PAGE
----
R.J. Rushdoony: 11:58 “This doctrine is involved in the general theory of the state. The state exists for the purposes of law, order, and justice. The institution of property, the preservation and security of life, liberty, and property depend upon the existence of the state. In as much as all private ownership of property is postulated on the existence of the state, the state may properly exhaust all the resources of private property in the support and preservation of that existence. In as much as all privileges and all liberties derive their value from the protection of the state, the state may take any share of the value of those privileges and franchises for its support, even to the extent of the whole value.”

R.J. Rushdoony: 12:50 Then, he proceeds to give a number to legal decisions which support this thesis. In other words, in 1906, on the basis of this idea of equality which had arisen since the Civil War, the courts upheld that the state has the right to take all your income, all your property, everything you have to defend you, supposedly, in your right to life, liberty, and property. In other words, totalitarianism was absolutely, fully, totally affirmed. This in a law book of 1906 which contained nothing revolutionary, which was just a summation of what the law [inaudible 00:13:44] at that time.

R.J. Rushdoony: 13:47 Is it any wonder that we have since had the 16th Amendment, the income tax amendment, a welfare economy, and a progressive drift into socialism? The miracle is that it has not come faster. For that, I think we can thank the Russian Revolution. It at least jolted some Americans out of their daydream and the drift which the law was taking.

R.J. Rushdoony: 14:20 Now this, since it was a part of our law by 1906, makes it possible for us to understand why the passage we read is so offensive to the modern mind. If, after all, not order but equality, total equality was already by the beginning of this century seen by our courts as the purpose of government, how could anyone look at anything in the Scriptures that taught something other than equality without be shocked and without feeling, “Well, this is barbaric,” “This is antiquated,” or else saying, “Well, this was for that period, and these laws are done away with, so we don’t have to worry about this. This was a part of the old legislation for ancient times, and it doesn’t apply. Because what the Bible was teaching along was equality, but it had to deal with people in terms of their times, and so you had, at that time, provisions that made for inequality.”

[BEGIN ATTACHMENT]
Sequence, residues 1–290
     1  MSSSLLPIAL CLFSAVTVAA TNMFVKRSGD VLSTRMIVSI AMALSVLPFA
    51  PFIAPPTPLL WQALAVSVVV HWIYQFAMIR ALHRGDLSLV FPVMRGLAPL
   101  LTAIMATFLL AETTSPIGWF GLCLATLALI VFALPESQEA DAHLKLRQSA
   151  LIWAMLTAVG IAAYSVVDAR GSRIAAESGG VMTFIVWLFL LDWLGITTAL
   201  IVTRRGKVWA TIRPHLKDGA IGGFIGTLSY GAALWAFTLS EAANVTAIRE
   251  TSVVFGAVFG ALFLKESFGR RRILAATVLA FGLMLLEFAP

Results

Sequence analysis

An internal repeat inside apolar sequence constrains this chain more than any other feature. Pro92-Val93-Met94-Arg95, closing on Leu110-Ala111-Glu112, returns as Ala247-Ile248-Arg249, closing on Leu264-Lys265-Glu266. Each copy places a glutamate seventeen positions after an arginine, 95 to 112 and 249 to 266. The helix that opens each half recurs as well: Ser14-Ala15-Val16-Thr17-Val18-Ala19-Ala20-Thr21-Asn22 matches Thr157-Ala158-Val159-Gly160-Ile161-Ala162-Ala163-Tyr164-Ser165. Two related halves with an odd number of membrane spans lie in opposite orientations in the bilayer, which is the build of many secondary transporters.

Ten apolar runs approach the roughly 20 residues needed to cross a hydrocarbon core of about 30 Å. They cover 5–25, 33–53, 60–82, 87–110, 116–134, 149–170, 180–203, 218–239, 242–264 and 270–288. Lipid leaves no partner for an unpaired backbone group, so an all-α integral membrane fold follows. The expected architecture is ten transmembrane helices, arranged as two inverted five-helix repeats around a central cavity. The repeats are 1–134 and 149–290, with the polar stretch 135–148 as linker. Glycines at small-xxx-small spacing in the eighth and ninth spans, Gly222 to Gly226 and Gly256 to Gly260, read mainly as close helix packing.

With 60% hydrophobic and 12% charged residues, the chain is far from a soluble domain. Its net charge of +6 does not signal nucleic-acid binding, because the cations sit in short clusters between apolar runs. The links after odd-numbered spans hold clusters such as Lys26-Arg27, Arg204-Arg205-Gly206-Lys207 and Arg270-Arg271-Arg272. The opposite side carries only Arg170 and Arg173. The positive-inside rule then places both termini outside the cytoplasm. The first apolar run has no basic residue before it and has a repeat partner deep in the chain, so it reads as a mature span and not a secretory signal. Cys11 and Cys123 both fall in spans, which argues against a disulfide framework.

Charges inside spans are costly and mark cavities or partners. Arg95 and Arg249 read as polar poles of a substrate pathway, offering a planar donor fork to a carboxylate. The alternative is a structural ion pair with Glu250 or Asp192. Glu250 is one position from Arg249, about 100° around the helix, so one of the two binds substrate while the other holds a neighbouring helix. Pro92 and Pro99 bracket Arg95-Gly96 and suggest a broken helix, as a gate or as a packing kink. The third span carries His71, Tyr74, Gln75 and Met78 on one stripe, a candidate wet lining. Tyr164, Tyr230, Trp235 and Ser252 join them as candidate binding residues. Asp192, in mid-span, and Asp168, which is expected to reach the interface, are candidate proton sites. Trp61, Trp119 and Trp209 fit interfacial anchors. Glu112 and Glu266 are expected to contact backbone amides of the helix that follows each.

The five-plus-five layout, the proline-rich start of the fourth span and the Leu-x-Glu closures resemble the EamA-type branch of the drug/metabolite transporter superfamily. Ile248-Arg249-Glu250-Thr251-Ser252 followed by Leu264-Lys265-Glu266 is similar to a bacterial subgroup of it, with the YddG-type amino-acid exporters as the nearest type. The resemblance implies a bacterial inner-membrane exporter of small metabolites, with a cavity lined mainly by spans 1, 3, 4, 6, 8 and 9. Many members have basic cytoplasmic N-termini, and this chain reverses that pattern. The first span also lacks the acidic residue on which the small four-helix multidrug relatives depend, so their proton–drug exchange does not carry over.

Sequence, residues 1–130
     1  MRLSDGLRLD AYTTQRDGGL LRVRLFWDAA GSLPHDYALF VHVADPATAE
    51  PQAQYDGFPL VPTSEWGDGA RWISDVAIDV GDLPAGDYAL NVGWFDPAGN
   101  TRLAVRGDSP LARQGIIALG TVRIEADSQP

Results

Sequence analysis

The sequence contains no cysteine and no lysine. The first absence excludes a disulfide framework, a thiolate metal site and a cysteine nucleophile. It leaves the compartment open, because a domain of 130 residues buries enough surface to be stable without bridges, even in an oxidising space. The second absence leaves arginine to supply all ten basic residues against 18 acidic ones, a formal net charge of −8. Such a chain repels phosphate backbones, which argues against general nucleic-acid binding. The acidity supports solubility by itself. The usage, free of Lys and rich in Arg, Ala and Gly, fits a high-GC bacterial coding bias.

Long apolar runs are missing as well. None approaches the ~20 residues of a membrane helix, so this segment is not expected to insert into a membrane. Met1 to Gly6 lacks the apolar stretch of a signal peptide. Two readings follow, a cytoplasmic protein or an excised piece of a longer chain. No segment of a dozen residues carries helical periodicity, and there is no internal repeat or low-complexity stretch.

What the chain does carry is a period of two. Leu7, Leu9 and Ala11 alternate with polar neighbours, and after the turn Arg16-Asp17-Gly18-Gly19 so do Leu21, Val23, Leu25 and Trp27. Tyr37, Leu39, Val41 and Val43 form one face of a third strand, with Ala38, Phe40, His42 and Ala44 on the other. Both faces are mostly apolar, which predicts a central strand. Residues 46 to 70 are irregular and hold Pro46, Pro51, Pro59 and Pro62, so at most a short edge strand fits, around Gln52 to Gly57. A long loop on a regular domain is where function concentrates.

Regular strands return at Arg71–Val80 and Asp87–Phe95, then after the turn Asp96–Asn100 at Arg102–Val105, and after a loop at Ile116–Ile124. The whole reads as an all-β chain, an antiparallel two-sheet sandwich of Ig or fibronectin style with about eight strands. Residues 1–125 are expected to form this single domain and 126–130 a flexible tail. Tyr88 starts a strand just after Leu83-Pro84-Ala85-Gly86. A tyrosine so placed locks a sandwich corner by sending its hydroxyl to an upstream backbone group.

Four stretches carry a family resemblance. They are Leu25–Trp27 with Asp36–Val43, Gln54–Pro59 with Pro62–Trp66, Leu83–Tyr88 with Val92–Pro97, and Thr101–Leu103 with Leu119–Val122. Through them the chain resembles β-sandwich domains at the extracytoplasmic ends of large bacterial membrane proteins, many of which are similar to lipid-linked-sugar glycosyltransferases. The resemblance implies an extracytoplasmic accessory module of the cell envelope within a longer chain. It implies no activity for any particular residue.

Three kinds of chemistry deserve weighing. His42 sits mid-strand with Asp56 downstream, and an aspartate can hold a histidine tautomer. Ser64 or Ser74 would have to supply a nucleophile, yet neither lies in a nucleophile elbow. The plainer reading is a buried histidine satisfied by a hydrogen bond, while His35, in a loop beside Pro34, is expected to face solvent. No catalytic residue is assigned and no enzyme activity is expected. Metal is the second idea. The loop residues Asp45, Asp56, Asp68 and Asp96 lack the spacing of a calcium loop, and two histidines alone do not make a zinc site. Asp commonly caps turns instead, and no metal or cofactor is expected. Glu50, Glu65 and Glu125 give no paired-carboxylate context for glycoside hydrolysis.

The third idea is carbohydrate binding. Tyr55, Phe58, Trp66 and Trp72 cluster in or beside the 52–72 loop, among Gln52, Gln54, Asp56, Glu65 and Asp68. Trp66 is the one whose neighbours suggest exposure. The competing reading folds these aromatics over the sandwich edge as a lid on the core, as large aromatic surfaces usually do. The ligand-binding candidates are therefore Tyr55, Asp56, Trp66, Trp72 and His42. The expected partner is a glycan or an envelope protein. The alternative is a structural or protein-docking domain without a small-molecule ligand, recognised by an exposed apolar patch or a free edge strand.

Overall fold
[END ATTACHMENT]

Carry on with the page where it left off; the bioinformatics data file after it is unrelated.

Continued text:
R.J. Rushdoony: 15:31 There’s no wonder that we have not only the things I referred to, the income tax amendment and growing socialism, but the Civil Rights Revolution. Was not the Civil Rights Revolution written into the law from these citations? Was it not written into the fabric of our society when the law books were teaching it at the beginning of the century? But in biblical law, the idea of equality has no standing. Indeed, the idea of equality is a modern idea, dating back two and a half centuries at the most in Europe, and as Gray admits, only since the Civil War, a hundred years, in America.

R.J. Rushdoony: 16:37 In biblical law, neither equalitarianism nor oligarchy or despotism, to use Gray’s term, have any standing. The purpose of the law is not equality. The purpose of the law is to establish God’s justice and God’s order. God is the source of law, and the covenant is the principle of citizenship. The covenant is restricted in terms of God’s law. So, what did the covenant specify?

R.J. Rushdoony: 17:20 Well, the covenant did not permit criminals to be members of the covenant, either religious or civil. It did not permit men who were not free men to be members, that is to be persons with citizenship or church membership, that is voting power. They couldn’t do either. They could enjoy the blessings of living within the commonwealth, but they could not exercise authority.